Universe Collapses: Well, TV’s, Anyway

July 6, 2004

The number of channels receivable by the average U.S. household declined last year, and appears to have stalled out at about 100.

If the decline is a genuine development, it seems to defy the TV industry’s claims of ultimately delivering a virtually unlimited channel universe via digital cable and satellite TV, and other new technologies such as video-on-demand.

The next big thing is actually ultrawide

July 2, 2004

The Freescale Semiconductor division of Motorola has developed ultrawideband (UWB) technology for sending data wirelessly at 110Mbps and plans for 1Gbps transmission in 2005.

UWB technology is currently hobbled by regulatory challenges and a long-running clash between two incompatible systems.

Ultrawideband works by broadcasting over a much larger chunk of the radio spectrum, so even a low-powered ultrawideband radio signal can carry huge amounts of data.

The… read more

Camero develops radar system to see thru walls

July 2, 2004

Israeli company Camero has developed a revolutionary technology that allows the user to see through walls and can be effectively used for both military and rescue services.

The UWB (ultra wideband) technology can produce real-time, three-dimensional pictures of what lies behind a wall, from a distance of up to 20 meters.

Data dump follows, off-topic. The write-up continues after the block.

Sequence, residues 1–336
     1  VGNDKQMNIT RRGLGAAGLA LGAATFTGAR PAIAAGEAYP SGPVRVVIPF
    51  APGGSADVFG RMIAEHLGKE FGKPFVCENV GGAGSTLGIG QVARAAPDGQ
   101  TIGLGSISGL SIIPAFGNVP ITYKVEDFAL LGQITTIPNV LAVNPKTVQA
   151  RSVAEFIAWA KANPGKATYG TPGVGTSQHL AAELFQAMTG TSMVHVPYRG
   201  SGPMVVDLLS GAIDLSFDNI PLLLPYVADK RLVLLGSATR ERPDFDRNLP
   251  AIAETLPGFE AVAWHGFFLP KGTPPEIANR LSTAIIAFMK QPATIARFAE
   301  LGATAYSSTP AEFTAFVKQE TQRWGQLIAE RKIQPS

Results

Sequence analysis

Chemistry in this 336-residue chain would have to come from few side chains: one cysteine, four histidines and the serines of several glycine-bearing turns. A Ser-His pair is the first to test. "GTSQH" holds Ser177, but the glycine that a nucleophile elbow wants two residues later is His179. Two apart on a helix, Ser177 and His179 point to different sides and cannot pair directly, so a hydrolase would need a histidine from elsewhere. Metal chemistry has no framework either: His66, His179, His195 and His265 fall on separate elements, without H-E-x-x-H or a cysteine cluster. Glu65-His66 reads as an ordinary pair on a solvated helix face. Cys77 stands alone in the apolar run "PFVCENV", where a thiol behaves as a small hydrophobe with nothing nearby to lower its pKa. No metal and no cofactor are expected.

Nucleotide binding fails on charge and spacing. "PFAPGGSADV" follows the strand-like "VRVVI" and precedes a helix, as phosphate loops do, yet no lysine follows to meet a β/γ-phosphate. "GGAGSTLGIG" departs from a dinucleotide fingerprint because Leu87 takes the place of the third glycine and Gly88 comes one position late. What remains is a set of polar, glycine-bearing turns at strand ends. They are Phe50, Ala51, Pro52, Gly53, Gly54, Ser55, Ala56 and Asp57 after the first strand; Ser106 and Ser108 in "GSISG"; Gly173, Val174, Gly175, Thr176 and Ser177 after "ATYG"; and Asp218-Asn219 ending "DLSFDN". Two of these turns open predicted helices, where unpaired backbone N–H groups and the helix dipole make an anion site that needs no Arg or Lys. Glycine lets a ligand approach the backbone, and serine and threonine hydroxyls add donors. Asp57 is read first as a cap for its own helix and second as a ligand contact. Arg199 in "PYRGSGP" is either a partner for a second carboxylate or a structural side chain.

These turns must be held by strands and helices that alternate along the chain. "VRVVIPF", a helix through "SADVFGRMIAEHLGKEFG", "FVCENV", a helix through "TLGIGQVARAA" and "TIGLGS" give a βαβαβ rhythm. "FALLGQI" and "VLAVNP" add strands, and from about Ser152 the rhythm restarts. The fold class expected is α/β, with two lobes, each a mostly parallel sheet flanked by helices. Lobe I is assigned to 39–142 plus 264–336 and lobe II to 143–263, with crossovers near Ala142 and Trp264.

Chip protects single atoms

July 2, 2004

Researchers from the Max Planck Institute for Quantum Physics and Ludwig Maximilians University have found a way to closely control the quantum states of single atoms trapped in a microchip.

The method is a step toward building devices that depend on traits of single atoms, like miniature atomic clocks that are an order of magnitude more accurate than those that exist today, and quantum computers.

The researchers’ chip… read more

Holograms enable pocket projectors

July 2, 2004

Researchers from the University of Cambridge and Light Blue Optics Ltd. have used holographic technology to produce a small laser-driven video projector.

The method could lead to pocket-sized, battery-powered video projectors that produce images whose quality matches that of today’s full-sized projectors,

The (Nano) Arms Race Has Begun

July 2, 2004

India’s new President A. P. J. Abdul Kalam called today for India to develop nanotechnology — including nanobots — because it will revolutionize warfare.

He called for scientists to develop “super strong, smart and intelligent structures in the field of material science and this in turn could lead new production of nano robots with new types of explosives and sensors for air, land and space systems.”

“This is… read more

Nanotech Arms Races

July 1, 2004

An advanced, general-purpose molecular manufacturing technology could have a significant destabilizing effect and lead to an international arms race; even a nuclear power might not be able to deter a nano power, concludes a preliminary study by the Center for Responsible Nanotechnology.

Net Attack Aimed at Banking Data

July 1, 2004

Computer security experts warned yesterday of another new Internet threat that can steal the passwords and account information of people who bank online — the second such discovery in a week.